April 21, 2020  |  

An ADAMTS3 missense variant is associated with Norwich Terrier upper airway syndrome.

In flat-faced dog breeds, air resistance caused by skull conformation is believed to be a major determinant of Brachycephalic Obstructive Airway Syndrome (BOAS). The clinical presentation of BOAS is heterogeneous, suggesting determinants independent of skull conformation contribute to airway disease. Norwich Terriers, a mesocephalic breed, are predisposed to Upper Airway Syndrome (UAS), a disease whose pathological features overlap with BOAS. Our health screening clinic examined and scored the airways of 401 Norwich terriers by laryngoscopy. Genome-wide association analyses of UAS-related pathologies revealed a genetic association on canine chromosome 13 (rs9043975, p = 7.79×10-16). Whole genome resequencing was used to identify causal variant(s) within a 414 kb critical interval. This approach highlighted an error in the CanFam3.1 dog assembly, which when resolved, led to the discovery of a c.2786G>A missense variant in exon 20 of the positional candidate gene, ADAM metallopeptidase with thrombospondin type 1 motif 3 (ADAMTS3). In addition to segregating with UAS amongst Norwich Terriers, the ADAMTS3 c.2786G>A risk allele frequency was enriched among the BOAS-susceptible French and (English) Bulldogs. Previous studies indicate that ADAMTS3 loss of function results in lymphoedema. Our results suggest a new paradigm in the understanding of canine upper airway disease aetiology: airway oedema caused by disruption of ADAMTS3 predisposes dogs to respiratory obstruction. These findings will enhance breeding practices and could refine the prognostics of surgical interventions that are often used to treat airway obstruction.

October 23, 2019  |  

Galactofuranose in Mycoplasma mycoides is important for membrane integrity and conceals adhesins but does not contribute to serum resistance.

Mycoplasma mycoides subsp. capri (Mmc) and subsp. mycoides (Mmm) are important ruminant pathogens worldwide causing diseases such as pleuropneumonia, mastitis and septicaemia. They express galactofuranose residues on their surface, but their role in pathogenesis has not yet been determined. The M.?mycoides genomes contain up to several copies of the glf gene, which encodes an enzyme catalysing the last step in the synthesis of galactofuranose. We generated a deletion of the glf gene in a strain of Mmc using genome transplantation and tandem repeat endonuclease coupled cleavage (TREC) with yeast as an intermediary host for the genome editing. As expected, the resulting YCp1.1-?glf strain did not produce the galactofuranose-containing glycans as shown by immunoblots and immuno-electronmicroscopy employing a galactofuranose specific monoclonal antibody. The mutant lacking galactofuranose exhibited a decreased growth rate and a significantly enhanced adhesion to small ruminant cells. The mutant was also ‘leaking’ as revealed by a ß-galactosidase-based assay employing a membrane impermeable substrate. These findings indicate that galactofuranose-containing polysaccharides conceal adhesins and are important for membrane integrity. Unexpectedly, the mutant strain showed increased serum resistance. © 2015 The Authors. Molecular Microbiology published by John Wiley & Sons Ltd.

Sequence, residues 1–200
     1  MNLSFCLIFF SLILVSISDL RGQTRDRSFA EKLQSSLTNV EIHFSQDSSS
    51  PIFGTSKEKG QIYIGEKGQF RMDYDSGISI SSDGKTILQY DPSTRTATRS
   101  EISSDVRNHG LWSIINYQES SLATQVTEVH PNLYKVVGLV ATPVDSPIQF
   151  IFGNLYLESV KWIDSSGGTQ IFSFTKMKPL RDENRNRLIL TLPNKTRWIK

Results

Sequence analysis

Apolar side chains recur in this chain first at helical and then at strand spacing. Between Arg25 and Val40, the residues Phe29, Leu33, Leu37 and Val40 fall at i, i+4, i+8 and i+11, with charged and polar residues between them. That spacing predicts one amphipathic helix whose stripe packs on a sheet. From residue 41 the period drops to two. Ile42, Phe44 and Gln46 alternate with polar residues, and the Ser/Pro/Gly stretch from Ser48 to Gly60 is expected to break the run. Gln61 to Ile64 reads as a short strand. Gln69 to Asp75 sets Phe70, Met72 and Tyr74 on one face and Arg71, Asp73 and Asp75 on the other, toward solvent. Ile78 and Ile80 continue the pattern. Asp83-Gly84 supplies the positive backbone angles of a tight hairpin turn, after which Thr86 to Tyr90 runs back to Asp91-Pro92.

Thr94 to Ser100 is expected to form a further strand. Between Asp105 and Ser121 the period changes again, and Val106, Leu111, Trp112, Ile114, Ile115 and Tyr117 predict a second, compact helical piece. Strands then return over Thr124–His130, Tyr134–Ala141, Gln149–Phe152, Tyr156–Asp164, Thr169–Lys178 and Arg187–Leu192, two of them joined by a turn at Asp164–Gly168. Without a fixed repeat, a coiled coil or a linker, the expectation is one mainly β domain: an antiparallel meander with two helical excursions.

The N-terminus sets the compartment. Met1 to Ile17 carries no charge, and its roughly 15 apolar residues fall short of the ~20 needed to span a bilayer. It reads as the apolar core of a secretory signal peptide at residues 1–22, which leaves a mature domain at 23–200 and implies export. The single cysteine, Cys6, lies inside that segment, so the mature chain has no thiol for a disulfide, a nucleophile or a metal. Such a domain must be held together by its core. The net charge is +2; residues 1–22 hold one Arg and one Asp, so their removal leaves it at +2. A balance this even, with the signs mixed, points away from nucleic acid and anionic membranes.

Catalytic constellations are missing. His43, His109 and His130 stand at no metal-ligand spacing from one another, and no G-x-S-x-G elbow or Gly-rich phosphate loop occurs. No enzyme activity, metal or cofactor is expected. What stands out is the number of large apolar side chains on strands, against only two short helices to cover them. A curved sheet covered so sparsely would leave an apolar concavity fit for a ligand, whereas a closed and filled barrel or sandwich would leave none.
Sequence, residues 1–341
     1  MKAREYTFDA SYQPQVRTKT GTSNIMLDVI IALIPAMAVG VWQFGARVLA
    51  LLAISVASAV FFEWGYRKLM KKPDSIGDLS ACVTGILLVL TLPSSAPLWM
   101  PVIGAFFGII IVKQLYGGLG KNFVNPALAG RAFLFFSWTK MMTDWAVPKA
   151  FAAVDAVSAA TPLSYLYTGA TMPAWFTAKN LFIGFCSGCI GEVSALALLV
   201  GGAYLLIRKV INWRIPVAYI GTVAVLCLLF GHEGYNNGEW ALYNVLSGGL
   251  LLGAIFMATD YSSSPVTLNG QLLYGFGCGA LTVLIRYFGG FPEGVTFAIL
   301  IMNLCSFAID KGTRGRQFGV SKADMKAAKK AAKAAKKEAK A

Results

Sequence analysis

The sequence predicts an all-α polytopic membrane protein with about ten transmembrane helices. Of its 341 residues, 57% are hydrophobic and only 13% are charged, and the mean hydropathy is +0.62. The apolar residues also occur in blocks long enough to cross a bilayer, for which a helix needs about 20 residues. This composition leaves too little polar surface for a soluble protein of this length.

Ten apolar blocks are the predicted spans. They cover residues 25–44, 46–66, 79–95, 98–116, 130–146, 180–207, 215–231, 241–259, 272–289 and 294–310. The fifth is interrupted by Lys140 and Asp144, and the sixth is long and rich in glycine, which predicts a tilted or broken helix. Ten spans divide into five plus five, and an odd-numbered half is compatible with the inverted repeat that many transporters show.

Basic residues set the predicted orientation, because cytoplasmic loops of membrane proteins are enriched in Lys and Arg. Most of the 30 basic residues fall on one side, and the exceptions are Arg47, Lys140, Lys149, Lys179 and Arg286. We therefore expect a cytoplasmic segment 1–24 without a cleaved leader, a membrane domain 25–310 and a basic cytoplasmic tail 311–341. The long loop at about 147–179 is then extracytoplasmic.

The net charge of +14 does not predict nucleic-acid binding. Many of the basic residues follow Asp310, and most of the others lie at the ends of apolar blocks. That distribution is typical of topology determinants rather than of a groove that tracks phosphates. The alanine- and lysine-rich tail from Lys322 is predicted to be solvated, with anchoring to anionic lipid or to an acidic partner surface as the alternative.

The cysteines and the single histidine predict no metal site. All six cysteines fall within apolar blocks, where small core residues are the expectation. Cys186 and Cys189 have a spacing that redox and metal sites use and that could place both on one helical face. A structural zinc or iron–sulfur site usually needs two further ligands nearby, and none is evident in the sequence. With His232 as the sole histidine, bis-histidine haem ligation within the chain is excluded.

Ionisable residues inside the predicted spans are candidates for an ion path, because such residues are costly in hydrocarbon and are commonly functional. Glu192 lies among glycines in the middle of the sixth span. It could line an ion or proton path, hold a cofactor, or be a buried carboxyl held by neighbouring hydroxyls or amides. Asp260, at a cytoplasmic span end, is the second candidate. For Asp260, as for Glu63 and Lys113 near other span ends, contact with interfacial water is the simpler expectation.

September 22, 2019  |  

The bacterial microbiome of Dermacentor andersoni ticks influences pathogen susceptibility.

Ticks are of medical importance owing to their ability to transmit pathogens to humans and animals. The Rocky Mountain wood tick, Dermacentor andersoni, is a vector of a number of pathogens, including Anaplasma marginale, which is the most widespread tick-borne pathogen of livestock. Although ticks host pathogenic bacteria, they also harbor bacterial endosymbionts that have a role in tick physiology, survival, as well as pathogen acquisition and transmission. The goal of this study was to characterize the bacterial microbiome and examine the impact of microbiome disruption on pathogen susceptibility. The bacterial microbiome of two populations of D. andersoni with historically different susceptibilities to A. marginale was characterized. In this study, the microbiome was disrupted and then ticks were exposed to A. marginale or Francisella novicida to determine whether the microbiome correlated with pathogen susceptibility. Our study showed that an increase in proportion and quantity of Rickettsia bellii in the microbiome was negatively correlated to A. marginale levels in ticks. Furthermore, a decrease in Francisella endosymbionts was associated with lower F. novicida infection levels, demonstrating a positive pathogen-endosymbiont relationship. We demonstrate that endosymbionts and pathogens have varying interactions, and suggest that microbiome manipulation may provide a possible method for biocontrol by decreasing pathogen susceptibility of ticks.